A long-term perspective on human niche construction and alteration of ecosystems
Dr. Katharine MacDonald (Faculty of Archaeology) sketches the background to a recent paper in Science Advances, co-authored by her and other members of the Liveable Planet team.
Currently we face a range of crises including climate change and biodiversity loss which threaten our health and wellbeing and the rights of future generations, as addressed by David van Reybrouck in his recent Huizinga lecture. These crises demonstrably have their roots in human activity, and the recent scale of change dwarfs is enormous. Archaeologists have long been interested in human interactions with their environments, and are often aware of the sometimes quite substantial outcomes of even simple technological interventions. Studying timescales of hundreds to millions of years, archaeology has the potential to provide a very long-term perspective on our emergence as a planet-transforming species. Recent research suggests that in constructing their niches humans may have been altering ecosystems, on a local scale, for a very long time. A human role cannot be ruled out even in periods that are taken as ‘baselines’ for natural vegetation. However, the significance of such a long period of human influence on the environment for ecosystem management and conservation today depends on whether these effects occurred at multiple locations or on a larger spatial scale, and this is as yet unknown.
Wil Roebroeks, Professor of Palaeolithic Archaeology is one of the researchers who developed the Liveable Planet programme. Compared with the other disciplines involved at this early stage, Social sciences, Governance, and Environmental Science, all of which involve research with direct contributions to policy relating to sustainability, the role of Archaeology was least obvious and concrete. The attitude of colleagues varied from interest to sound skepticism, but it was generally agreed that archaeology could contribute narratives about the long term development of our current planet-transforming behaviour, narratives which might have a role in guiding change now and in the future. These debates stimulated us to go back to a rich well-studied dataset which had been intriguing us for some time already, as it was suggestive of a very early human impact on their environment: 125,000 years ago. Could we move beyond mere “suggestion”?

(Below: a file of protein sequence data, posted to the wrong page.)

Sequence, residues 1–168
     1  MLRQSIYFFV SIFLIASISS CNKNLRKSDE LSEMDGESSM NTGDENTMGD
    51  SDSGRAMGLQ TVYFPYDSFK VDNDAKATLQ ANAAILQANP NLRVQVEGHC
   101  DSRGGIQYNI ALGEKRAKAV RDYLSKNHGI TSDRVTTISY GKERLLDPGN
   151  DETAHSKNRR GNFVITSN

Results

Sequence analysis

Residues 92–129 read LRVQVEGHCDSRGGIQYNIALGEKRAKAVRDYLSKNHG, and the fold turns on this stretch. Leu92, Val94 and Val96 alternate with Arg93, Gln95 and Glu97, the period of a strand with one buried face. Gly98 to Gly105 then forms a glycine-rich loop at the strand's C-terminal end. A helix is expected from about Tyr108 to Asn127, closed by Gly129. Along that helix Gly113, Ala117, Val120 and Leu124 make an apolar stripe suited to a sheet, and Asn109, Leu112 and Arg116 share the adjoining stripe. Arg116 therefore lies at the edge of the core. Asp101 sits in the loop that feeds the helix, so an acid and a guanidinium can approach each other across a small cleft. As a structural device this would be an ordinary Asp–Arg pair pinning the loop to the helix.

Triangulating between different sources
Ethnographic and ethnohistoric evidence provides a rich picture of ways in which hunter-gatherers alter their niche to increase returns from the ecosystems in which they live. One of the most widespread and diverse approaches involves burning vegetation; this occurs in many contexts and in all biomes, only being rare in the tundra. Sources of information about hunter-gatherers are geographically restricted, dominated by documentation from North America and Australia. The sources include explorer’s journals, missionaries’ reports and settler’s accounts as well as ethnographic studies and they all vary in levels of detail: some are very sketchy while in a few cases they provide access to a treasure trove of information about these practices, including who was involved, what they were doing, how they lit and steered the fires etc. These indicate that small-scale burning in the course of subsistence activities can in some contexts lead not only to increased returns from hunting and gathering, but also to the creation of a landscape that is heterogenous on a small scale, resists major burns, has high richness of certain prey and carnivore species, and has a strong pull on human populations. However, ethnographic and ethnohistoric records only tell us about activities going back 200-400 years.